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bciskepottery

Member Since 28 Jun 2010
Offline Last Active Yesterday, 10:52 PM
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#101566 Banding Wheel Color

Posted by bciskepottery on 06 February 2016 - 03:23 PM

That is not usual and you should return it. 




#101505 Newb Question

Posted by bciskepottery on 05 February 2016 - 09:49 PM

At cone 10, your clay will become vitrified -- making it very difficult to apply glaze to and then fire again at cone 6.  Not impossible, but difficult and not always successful. 

 

Check out John Britt's book The Complete Guide to High Fire Glazes -- it has a number of recipes for cone 10 glazes that provide bright colors; perhaps you can talk your studio into mixing a couple.  Or, you could look for commercially prepared cone 10 glazes.  Or, for your first firing, try some underglazes on test tiles to see how the color performs and then use those that are successful with a clear glaze in subsequent firings.  You can get colors at cone 10 -- reduction or oxidation. 




#101330 To Me

Posted by bciskepottery on 03 February 2016 - 12:15 PM




#101082 Mixing Mason Stains Into Clay

Posted by bciskepottery on 31 January 2016 - 06:27 PM

Glazenerd,
I believe 6600 has cobalt in it; consider trying 6666 -- which is cobalt free.
Bruce


#101068 Cone 6 Porcelain Body For Throwing

Posted by bciskepottery on 31 January 2016 - 02:56 PM

According to Highwater, Helios is 1% absorbent at cone 7 (less than 1% at cone 10). That would indicate it is rather vitreous at the low end of its firing range. I've only used it at cone 10, and can't speak to the lower end from personal experience.


#100968 Is There A Name For This Glaze Technique

Posted by bciskepottery on 30 January 2016 - 07:04 AM

http://www.metmuseum...e/search/445345

cuerda seca technique


#100936 Pottery For New Baby

Posted by bciskepottery on 29 January 2016 - 08:06 PM

Picture frame that will hold your child's first picture(s) from the hospital. Something you will enjoy until she/he is old enough to appreciate it.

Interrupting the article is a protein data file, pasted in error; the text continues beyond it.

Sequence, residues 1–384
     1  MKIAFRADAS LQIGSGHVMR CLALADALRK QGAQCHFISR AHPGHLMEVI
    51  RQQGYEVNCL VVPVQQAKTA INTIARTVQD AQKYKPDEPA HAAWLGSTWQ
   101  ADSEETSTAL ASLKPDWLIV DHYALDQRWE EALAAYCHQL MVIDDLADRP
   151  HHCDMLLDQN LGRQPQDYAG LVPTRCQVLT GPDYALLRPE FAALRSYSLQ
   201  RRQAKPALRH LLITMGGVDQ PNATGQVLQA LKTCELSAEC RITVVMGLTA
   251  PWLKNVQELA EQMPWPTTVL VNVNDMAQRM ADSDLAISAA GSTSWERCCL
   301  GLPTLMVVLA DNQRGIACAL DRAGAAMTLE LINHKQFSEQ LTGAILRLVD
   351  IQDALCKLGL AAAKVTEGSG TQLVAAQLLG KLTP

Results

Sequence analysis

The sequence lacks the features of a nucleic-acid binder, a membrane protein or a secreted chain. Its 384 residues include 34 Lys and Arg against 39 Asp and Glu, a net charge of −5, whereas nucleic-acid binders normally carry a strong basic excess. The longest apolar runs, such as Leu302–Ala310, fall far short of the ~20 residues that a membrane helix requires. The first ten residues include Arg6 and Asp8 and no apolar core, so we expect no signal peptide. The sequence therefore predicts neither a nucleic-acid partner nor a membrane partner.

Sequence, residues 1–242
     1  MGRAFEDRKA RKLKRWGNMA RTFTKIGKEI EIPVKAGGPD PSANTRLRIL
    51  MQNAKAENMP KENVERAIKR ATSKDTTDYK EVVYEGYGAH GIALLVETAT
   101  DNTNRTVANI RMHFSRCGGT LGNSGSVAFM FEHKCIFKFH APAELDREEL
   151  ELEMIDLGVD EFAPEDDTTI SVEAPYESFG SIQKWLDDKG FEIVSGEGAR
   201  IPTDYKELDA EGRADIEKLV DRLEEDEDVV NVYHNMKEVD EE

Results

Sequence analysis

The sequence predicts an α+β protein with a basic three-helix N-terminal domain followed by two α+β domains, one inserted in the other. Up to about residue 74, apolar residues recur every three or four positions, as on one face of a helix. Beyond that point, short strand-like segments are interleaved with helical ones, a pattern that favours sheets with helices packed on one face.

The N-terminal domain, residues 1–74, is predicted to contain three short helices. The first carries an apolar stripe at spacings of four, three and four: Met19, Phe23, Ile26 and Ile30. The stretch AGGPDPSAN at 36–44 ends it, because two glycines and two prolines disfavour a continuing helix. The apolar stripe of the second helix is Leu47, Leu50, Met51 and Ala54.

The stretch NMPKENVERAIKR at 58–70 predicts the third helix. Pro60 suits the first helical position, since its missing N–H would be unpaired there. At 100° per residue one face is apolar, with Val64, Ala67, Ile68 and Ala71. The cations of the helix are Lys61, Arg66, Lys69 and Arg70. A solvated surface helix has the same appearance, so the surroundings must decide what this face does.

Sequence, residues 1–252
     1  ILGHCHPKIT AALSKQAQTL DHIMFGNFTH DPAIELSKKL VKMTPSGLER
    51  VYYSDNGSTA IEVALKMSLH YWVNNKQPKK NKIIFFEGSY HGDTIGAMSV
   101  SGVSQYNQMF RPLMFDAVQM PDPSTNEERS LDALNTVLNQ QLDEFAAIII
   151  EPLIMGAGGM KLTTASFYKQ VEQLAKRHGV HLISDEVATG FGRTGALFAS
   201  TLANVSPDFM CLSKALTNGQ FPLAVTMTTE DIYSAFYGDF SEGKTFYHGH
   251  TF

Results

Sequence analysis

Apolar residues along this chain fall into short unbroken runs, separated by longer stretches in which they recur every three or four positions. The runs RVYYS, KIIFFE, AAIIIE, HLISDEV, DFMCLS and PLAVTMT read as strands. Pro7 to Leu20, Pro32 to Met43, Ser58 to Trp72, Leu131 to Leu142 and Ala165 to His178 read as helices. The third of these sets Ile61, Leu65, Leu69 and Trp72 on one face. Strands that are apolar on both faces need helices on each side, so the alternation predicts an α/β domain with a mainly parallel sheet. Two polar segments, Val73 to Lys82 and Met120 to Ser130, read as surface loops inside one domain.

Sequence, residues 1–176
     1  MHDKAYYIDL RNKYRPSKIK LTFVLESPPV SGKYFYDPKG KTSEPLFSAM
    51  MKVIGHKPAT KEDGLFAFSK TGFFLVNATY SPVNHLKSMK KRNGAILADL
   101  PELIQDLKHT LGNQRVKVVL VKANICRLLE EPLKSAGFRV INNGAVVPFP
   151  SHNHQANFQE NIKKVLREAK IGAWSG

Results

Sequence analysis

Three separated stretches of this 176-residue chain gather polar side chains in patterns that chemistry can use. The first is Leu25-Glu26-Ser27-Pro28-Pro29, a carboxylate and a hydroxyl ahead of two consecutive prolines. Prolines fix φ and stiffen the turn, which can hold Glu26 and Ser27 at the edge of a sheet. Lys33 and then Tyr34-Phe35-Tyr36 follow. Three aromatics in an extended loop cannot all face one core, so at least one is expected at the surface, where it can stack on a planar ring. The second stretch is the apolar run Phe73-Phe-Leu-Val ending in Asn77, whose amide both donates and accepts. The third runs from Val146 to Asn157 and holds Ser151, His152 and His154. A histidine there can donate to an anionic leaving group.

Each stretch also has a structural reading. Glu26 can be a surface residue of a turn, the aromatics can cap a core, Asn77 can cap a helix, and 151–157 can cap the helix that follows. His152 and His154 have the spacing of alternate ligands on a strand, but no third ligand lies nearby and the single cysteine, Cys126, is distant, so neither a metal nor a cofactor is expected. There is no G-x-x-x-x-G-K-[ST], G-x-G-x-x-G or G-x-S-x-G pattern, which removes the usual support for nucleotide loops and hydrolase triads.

#100931 Low-Fire (^2) Satin/semi-Gloss Clear Recipe?

Posted by bciskepottery on 29 January 2016 - 07:44 PM

Try John Conrad's "Cone Three Ceramic Recipes: Clay, Engobe, Stain, and Glaze". Published by Falcon Company, ISBN 935921-24-1.


#100810 Earthenware Vs Stoneware

Posted by bciskepottery on 27 January 2016 - 07:14 PM

Linda Arbuckle has a nice handout on earthenware, including plus/minus considerations.

http://lindaarbuckle...earthenware.pdf

http://lindaarbuckle.com/


#100780 Mixing Mason Stains Into Clay

Posted by bciskepottery on 27 January 2016 - 06:39 AM

Chris Campbell has great tutorials on her website: http://www.ccpottery.com/


#100450 The White Road By Edmund De Waal

Posted by bciskepottery on 23 January 2016 - 09:34 AM

A most appropriately titled tome for those of us in the Mid-Atlantic, Northeast. 




#100366 Cooking Pizza In A Pottery Kiln, Toxicity ?

Posted by bciskepottery on 21 January 2016 - 07:46 PM

Attached File  bbq_bowl.jpg   37.36KB   0 downloads

You want a toxic pizza? Here's your set up . . . with cold brewskis to boot.


#100085 Knitting Bowls

Posted by bciskepottery on 18 January 2016 - 04:03 PM

I just fire to ^6 because I use stoneware clay and ^6 glaze. I think I should lower the temp and see what the result it. The thing is; I'm told that stoneware clay matures at 1230˚c to 1300˚ and if I fire under that threshold, then the clay won't be properly vitrified - if that makes any sense!

 

Firing to maturity (or vitrified) temperature makes absolute sense for functional ware; you don't want your vase seeping water.  Knitting bowls are not functional ware in the sense they need to be fired to maturity to hold water or liquids.  Glaze firing to a lower temperature will reduce the likelihood of warping.  The only downside is the lower fired clay will not have the hardness of clay fired to vitrification.  But, for knitting bowls, your stoneware glazed at low fire temps might be the solution. 




#99835 Design Trends 2016

Posted by bciskepottery on 15 January 2016 - 10:23 PM

"I have no doubt that the 3-D print fad will effect ceramics."

 

Near term, 3-d printers will be used for producing novelty items; watch for them to be the trend in MFA programs where the emphasis is on "art" ceramics.  Right now, they are too slow for any resemblance of production volume. 

 

Technology wise for pottery, the next big thing is more likely computer-controlled gas kilns.  Just as manual electric kilns evolved into the modern digital, computer controlled electric kilns of today, that same technology will be used in the gas/propane world.  And, prices for the technology will drop, making atmosphere firings more accessible to all levels of potters. 




#99805 Business Advice Aka How Not To Eat Cat Food For Dinner

Posted by bciskepottery on 15 January 2016 - 05:18 PM

With pet urns, just contact local veterinary hospitals and work with them.  Same for human urns, contact local funeral parlors and ask to have yours added to their selection.  Probably more than enough demand locally. 

 

Then, do work for your shows.  Use the urns as a base product with steady income and the shows for other things.